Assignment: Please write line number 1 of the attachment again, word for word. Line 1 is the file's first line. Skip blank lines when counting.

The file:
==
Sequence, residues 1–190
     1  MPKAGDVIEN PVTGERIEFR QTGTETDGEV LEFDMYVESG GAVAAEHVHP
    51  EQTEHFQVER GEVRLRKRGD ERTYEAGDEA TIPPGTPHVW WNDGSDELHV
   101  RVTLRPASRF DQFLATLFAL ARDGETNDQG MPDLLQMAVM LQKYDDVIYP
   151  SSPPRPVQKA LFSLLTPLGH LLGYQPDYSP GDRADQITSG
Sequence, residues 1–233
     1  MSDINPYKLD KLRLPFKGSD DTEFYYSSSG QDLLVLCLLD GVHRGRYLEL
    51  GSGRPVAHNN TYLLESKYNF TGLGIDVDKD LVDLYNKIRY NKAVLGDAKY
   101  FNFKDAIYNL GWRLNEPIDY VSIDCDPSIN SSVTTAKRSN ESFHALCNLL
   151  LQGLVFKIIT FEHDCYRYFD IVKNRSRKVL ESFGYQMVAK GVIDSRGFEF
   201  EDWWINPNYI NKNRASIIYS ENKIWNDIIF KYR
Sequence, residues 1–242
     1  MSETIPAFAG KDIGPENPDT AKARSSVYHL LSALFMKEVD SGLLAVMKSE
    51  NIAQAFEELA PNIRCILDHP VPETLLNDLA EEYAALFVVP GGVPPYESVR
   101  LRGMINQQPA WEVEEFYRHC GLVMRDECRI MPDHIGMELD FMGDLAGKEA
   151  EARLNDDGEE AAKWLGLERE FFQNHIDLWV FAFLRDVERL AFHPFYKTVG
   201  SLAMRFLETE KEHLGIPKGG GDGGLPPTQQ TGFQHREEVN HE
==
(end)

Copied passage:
Sequence, residues 1–190